1. Cercis*

            It’s one reason I’m glad this blog exists – we don’t know what we don’t know. Based on her first experience, she thought she’d qualify for a merit raise. She’s not wrong to think that, she had experience that they’d do it. But it is out of step for a lot of places and with more reading she might have realized it was an exception.

            Looking back on my working experience, I accepted things that were very dysfunctional and expected things that weren’t normal, because they’d been common in my offices (mostly bad, some good). I’d have never realized how dysfunctional some of that was if it weren’t for this site.

            In my case, I knew they were blowing smoke when they said I’d qualify for a merit raise at the end of the year. I knew that merit raises were pretty much never given and the most I would be able to hope for was a step raise (they’d started instituting those so that people were leveled in salary based on their years of experience and education compared to what they expected someone at that level to have). It just so happened that they did salary freezes right after I took that job, so I never got another raise and stayed at the bottom of my pay band. So while I was pretty bitter about it, I also knew it would be the case. And because of that experience, I’m reluctant to apply to any place with a strong “promote from within culture” because they require you to start at entry level to “get your foot in the door” and in my experience this means you’ll work 4-5 years before you finally rise to the level you should have been at to start (assuming you don’t wash out sooner).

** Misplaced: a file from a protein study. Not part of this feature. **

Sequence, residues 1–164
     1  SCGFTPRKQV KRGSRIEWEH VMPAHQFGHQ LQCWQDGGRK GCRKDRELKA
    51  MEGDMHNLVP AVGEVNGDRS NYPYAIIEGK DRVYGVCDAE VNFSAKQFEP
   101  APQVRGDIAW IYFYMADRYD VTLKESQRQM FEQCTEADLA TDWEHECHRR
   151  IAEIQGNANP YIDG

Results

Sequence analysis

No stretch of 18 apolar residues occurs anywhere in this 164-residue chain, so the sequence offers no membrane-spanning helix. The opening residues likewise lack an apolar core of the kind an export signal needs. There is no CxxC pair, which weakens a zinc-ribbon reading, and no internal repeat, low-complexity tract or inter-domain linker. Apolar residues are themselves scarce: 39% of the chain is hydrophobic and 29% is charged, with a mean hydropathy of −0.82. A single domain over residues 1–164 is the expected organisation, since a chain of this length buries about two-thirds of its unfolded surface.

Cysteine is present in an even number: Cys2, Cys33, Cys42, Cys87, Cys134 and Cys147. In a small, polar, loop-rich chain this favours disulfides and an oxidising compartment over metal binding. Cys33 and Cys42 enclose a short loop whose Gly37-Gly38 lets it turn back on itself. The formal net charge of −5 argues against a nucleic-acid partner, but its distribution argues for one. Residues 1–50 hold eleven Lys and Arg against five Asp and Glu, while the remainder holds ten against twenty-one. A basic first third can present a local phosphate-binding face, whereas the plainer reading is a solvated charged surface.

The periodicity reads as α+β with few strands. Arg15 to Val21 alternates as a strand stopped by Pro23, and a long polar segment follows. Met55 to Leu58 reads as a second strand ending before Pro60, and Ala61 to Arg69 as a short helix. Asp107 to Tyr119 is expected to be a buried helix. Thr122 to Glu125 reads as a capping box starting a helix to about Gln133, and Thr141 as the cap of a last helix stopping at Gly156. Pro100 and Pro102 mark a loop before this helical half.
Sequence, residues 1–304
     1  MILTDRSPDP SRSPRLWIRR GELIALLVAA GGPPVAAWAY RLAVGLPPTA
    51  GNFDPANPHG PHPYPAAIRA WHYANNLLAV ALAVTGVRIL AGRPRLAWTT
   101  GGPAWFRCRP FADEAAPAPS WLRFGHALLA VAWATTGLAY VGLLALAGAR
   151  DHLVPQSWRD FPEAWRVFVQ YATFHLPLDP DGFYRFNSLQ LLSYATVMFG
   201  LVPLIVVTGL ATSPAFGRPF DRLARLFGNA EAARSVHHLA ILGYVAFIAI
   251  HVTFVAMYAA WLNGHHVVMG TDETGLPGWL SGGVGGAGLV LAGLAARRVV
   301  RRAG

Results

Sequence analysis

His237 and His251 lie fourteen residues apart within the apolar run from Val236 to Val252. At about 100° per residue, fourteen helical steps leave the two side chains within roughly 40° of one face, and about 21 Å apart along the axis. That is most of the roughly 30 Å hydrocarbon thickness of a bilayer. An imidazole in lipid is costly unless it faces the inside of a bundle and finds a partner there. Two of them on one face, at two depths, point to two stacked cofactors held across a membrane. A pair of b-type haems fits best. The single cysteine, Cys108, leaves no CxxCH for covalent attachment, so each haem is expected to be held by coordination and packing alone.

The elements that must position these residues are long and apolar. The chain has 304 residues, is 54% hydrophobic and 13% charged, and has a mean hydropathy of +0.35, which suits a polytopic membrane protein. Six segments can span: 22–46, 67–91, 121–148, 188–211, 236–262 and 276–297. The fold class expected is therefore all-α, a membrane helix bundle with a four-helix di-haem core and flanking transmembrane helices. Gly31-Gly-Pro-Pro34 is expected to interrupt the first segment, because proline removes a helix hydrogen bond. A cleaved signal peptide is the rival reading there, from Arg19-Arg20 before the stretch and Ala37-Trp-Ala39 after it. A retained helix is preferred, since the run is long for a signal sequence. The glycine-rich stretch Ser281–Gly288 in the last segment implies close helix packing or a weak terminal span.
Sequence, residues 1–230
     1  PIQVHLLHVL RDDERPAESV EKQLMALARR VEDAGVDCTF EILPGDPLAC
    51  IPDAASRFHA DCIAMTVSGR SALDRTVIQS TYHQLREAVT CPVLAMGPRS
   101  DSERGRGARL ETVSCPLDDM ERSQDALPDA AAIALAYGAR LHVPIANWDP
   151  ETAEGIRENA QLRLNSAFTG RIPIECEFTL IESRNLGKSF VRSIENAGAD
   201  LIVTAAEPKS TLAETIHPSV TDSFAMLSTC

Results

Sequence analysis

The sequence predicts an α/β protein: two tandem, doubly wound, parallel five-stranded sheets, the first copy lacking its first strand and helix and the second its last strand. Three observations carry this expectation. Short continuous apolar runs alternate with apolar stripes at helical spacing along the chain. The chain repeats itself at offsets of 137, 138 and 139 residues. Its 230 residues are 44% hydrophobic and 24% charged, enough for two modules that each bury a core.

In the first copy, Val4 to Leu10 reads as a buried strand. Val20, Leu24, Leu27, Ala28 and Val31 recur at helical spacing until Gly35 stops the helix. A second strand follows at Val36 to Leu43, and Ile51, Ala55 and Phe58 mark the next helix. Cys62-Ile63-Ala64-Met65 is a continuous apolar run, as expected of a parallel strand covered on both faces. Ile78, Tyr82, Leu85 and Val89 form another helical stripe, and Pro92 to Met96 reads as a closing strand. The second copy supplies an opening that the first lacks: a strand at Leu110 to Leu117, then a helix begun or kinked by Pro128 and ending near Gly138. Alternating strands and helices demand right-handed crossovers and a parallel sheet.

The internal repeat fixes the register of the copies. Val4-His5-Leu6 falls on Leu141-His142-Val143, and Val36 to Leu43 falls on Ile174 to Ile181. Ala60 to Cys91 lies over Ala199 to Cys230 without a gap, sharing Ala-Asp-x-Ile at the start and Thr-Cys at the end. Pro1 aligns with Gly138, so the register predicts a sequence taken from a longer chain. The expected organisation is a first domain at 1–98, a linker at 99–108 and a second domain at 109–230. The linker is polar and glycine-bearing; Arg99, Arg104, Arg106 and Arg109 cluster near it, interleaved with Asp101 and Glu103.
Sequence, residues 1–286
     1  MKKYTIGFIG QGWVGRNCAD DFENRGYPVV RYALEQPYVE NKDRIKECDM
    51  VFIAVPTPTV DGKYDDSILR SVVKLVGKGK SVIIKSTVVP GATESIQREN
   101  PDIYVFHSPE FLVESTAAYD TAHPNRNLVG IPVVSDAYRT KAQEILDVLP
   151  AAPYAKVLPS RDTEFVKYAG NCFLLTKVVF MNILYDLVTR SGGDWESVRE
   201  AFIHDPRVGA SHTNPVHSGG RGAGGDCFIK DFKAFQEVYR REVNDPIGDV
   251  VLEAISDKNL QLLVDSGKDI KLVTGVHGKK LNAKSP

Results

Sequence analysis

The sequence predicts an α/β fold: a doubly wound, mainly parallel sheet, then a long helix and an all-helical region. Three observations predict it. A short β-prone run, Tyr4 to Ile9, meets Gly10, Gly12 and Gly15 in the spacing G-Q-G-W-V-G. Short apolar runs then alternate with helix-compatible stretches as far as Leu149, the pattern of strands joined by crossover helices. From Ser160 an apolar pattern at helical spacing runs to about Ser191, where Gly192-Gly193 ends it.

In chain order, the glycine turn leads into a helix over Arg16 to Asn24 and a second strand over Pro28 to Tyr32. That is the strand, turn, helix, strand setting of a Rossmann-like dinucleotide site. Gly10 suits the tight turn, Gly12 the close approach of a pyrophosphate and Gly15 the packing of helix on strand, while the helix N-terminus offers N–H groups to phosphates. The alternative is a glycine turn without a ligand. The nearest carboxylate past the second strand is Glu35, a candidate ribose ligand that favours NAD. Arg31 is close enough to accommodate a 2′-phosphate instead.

2. Very tired*